Magnesium and Migraine

Is taking magnesium good for migraines?

The ideal medication for prevention and treatment of migraine would have no side effects, no risk, would be safe in pregnancy, as well as be highly effective while remaining inexpensive. Of course, no such medication exists, but magnesium comes closer than many interventions on all these fronts.

What form of magnesium is best for migraine?

Magnesium oxide is frequently used in pill form to prevent migraine, usually at a dose of 400-600 mg per day. Acutely, it can be dosed in pill form at the same dosage or given intravenously as magnesium sulfate at 1-2 gm. The most frequent side effect is diarrhea, which can be helpful in those prone to constipation. Diarrhea and abdominal cramping that is sometimes experienced is dose-responsive, such that a lower dose or decreasing the frequency of intake usually takes care of the problem.

Magnesium oxide in doses up to 400 mg is pregnancy category A, which means it can be used safely in pregnancy. Magnesium sulfate, typically given intravenously, now carries a warning related to bone thinning seen in the developing fetus when used longer than 5-7 days in a row. This was discovered in the context of high doses being given to pregnant women to prevent preterm labor.

The most substantial evidence for magnesium’s effectiveness is in patients who have or have had aura with their migraines. It is believed magnesium may prevent the wave of brain signaling, called cortical spreading depression, which produces the visual and sensory changes in the common forms of aura. Other mechanisms of magnesium action include improved platelet function and decreased release or blocking of pain transmitting chemicals in the brain such as Substance P and glutamate. Magnesium may also prevent the narrowing of brain blood vessels caused by the neurotransmitter serotonin.

Daily oral magnesium has also been shown to prevent menstrually related migraine, especially in those with premenstrual migraine. This means that preventive use can target those with aura or those with menstrually related migraine, even for those with irregular cycles.

It is challenging to measure magnesium levels accurately, as levels in the bloodstream may represent only 2% of total body stores, with the rest of magnesium stored in the bones or within cells. Most importantly, simple magnesium blood levels do not accurately measure magnesium levels in the brain. This has led to uncertainty concerning whether correcting a low magnesium level is necessary in treatment or whether magnesium effectiveness is even related to low blood levels in the first place. Measurement of ionized magnesium or red blood cell magnesium levels is thought to be more accurate, but these laboratory tests are more difficult and expensive to obtain.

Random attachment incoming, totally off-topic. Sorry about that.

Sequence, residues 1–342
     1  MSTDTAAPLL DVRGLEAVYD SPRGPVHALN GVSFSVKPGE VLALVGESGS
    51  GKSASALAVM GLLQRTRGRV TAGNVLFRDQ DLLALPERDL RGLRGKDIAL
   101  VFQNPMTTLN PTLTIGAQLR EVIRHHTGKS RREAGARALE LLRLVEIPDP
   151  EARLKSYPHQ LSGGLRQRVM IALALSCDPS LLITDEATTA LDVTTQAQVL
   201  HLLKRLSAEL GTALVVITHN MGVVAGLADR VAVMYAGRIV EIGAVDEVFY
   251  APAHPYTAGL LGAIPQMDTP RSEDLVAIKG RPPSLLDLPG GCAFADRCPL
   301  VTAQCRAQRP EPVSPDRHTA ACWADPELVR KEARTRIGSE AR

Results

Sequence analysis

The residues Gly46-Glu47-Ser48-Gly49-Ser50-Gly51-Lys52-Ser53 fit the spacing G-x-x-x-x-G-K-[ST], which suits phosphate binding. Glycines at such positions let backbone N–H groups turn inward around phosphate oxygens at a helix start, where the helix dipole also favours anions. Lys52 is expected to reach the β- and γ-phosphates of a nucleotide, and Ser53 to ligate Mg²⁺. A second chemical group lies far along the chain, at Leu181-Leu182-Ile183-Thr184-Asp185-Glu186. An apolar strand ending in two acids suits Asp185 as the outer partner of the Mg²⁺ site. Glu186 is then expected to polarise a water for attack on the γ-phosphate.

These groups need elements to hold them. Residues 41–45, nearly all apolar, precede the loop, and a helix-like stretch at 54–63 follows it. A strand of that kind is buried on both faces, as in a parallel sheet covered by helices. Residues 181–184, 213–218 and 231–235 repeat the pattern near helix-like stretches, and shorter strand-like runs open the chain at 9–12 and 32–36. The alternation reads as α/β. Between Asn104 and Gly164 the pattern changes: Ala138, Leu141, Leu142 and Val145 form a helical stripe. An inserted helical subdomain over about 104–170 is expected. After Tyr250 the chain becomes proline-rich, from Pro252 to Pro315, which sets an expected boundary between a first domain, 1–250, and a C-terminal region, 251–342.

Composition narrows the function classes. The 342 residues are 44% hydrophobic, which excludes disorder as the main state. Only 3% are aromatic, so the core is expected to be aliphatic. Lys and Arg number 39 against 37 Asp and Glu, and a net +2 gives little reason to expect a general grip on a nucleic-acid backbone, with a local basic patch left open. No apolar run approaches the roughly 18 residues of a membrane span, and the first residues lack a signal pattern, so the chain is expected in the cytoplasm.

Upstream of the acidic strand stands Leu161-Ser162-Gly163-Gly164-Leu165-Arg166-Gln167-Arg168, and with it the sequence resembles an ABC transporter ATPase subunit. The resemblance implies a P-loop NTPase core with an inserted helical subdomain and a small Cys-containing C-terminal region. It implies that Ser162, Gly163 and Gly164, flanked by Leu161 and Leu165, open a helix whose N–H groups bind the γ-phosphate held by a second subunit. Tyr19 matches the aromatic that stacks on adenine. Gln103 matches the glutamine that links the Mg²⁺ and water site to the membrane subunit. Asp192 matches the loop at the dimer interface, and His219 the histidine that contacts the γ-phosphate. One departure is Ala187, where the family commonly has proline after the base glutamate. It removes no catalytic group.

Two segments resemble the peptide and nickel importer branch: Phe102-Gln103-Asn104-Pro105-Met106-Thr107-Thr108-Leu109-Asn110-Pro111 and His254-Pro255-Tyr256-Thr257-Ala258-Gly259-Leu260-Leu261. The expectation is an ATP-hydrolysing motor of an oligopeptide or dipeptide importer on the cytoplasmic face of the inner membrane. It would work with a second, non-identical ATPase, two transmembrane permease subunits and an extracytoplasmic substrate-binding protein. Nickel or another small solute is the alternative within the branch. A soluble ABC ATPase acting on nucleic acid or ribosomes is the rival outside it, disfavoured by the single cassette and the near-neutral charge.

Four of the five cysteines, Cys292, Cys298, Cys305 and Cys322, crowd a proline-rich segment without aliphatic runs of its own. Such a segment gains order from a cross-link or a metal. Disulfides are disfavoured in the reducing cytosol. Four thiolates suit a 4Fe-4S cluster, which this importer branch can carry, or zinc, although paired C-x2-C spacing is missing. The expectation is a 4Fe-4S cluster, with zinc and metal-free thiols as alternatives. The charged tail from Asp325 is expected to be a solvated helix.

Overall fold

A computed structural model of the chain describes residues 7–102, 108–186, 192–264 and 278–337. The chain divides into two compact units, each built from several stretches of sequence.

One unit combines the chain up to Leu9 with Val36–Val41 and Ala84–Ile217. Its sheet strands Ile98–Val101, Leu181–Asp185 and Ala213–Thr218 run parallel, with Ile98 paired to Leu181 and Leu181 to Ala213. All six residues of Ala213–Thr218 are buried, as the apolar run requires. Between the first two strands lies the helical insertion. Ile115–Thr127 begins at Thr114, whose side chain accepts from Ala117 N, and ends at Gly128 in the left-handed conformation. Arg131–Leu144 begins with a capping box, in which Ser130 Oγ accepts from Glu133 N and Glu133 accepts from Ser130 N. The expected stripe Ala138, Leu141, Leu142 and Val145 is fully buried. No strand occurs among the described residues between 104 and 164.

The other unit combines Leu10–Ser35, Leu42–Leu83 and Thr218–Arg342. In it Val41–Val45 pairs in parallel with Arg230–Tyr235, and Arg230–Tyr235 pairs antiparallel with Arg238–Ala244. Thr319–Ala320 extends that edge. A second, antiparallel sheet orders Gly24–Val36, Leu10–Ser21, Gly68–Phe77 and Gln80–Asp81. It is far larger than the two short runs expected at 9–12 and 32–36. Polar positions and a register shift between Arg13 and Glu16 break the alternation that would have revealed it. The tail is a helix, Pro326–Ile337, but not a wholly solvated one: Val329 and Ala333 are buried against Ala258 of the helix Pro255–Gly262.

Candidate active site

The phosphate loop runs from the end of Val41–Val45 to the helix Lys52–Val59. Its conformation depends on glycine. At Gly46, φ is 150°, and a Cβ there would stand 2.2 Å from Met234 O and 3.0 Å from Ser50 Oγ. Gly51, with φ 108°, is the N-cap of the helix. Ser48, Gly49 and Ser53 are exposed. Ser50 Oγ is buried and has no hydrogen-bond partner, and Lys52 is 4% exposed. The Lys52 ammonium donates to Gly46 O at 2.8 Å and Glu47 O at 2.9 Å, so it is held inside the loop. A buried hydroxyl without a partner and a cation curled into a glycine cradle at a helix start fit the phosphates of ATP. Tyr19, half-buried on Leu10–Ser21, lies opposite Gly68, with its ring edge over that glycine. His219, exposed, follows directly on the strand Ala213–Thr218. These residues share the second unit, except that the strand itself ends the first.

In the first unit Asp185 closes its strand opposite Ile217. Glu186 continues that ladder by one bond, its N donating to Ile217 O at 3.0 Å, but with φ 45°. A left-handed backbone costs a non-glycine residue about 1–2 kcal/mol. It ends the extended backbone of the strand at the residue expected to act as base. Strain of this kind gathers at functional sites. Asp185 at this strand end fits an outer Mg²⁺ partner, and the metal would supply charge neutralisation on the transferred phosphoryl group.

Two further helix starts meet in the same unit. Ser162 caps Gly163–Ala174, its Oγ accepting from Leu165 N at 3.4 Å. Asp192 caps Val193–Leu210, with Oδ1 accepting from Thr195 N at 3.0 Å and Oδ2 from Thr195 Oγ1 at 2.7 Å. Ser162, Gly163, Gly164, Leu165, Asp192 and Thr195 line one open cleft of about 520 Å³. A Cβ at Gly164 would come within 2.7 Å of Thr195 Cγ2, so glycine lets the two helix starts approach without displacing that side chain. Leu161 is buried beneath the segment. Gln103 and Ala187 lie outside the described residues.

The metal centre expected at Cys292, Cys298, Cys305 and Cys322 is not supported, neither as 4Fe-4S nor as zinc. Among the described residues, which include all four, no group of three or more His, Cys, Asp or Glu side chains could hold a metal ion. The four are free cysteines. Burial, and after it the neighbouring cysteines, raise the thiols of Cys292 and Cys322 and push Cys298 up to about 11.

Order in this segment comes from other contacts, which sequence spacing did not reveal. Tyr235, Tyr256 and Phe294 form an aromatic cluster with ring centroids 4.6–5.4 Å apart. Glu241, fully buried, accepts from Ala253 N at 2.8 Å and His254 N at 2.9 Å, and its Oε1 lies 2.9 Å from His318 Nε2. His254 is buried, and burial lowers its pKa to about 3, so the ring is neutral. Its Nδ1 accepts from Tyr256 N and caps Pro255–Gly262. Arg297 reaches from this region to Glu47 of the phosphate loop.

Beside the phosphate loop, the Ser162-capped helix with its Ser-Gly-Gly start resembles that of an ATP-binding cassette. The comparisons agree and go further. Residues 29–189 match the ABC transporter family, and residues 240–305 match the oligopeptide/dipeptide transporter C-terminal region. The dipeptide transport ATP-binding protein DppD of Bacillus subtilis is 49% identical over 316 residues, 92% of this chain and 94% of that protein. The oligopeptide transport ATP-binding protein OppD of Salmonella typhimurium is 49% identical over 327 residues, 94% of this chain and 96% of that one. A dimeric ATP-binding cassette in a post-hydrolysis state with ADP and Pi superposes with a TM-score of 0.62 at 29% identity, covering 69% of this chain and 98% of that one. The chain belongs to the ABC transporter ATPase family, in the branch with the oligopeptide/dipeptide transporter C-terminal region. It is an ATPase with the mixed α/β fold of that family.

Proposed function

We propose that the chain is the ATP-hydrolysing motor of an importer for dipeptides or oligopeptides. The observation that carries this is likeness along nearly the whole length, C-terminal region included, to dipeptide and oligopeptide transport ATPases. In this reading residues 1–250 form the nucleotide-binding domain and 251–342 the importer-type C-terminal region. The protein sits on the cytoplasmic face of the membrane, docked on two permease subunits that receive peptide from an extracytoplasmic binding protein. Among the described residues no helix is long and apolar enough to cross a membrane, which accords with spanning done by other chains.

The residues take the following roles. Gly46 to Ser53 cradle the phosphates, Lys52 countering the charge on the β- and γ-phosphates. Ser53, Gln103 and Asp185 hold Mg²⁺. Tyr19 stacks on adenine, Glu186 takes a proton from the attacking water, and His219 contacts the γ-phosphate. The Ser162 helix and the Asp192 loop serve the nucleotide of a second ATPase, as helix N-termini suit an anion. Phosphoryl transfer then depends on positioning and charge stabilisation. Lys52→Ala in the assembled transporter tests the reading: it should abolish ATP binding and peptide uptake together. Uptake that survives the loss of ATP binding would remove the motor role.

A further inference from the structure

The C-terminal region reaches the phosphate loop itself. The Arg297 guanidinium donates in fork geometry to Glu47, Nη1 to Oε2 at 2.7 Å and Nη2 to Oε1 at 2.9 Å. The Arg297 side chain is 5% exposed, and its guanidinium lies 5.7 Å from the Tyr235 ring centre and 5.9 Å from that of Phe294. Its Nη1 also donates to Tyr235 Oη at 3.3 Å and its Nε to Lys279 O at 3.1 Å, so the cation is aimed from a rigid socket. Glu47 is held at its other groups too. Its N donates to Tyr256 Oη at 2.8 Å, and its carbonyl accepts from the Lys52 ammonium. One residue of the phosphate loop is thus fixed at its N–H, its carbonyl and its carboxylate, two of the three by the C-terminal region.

Because magnesium may not be accurately measured, low magnesium in the brain can be difficult to prove. Those prone to low magnesium include people with heart disease, diabetes, alcoholism, and those on diuretics for blood pressure. There is some evidence that migraineurs may have lower brain magnesium levels either from decreased absorption of it in food, a genetic tendency to low brain magnesium, or from excreting it from the body to a greater degree than non-migraineurs. Studies of migraineurs have found low levels of brain and spinal fluid magnesium in between migraine attacks.

In 2012, the American Headache Society and the American Academy of Neurology reviewed the studies on medications used for migraine prevention and gave magnesium a Level B rating; that is, it is probably effective and should be considered for patients requiring migraine preventive therapy. Because of its safety profile and the lack of serious side effects, magnesium is often chosen as a preventive strategy either alone or with other preventive medications.

Magnesium has also been studied for the acute, as-needed treatment of severe, difficult-to-treat migraine. Magnesium sulfate given intravenously was most effective in those with a history of migraine with aura. In those without a history of aura, no difference was seen in immediate pain relief or nausea relief by magnesium. Still, there was less light and noise sensitivity after the infusion.

Magnesium oxide, in tablet form, is inexpensive, does not require a prescription, and may be considered reasonable prevention in those who have a history of aura, menstrually related migraine, no health insurance, or who may become pregnant. Because of the excellent safety profile of magnesium, any patient who has frequent migraines and is considering a preventive strategy to reduce the frequency or severity of their headaches may want to consider this option and discuss it with their physician.

 

Deborah Tepper, MD

The Headache Center Cleveland Clinic

Cleveland, OH, USA

 

Originally published on Oct. 15, 2013.

Reviewed for accuracy by the American Migraine Foundation’s subject matter experts, headache specialists and medical advisers with deep knowledge and training in headache medicine. Click here to read about our editorial board members.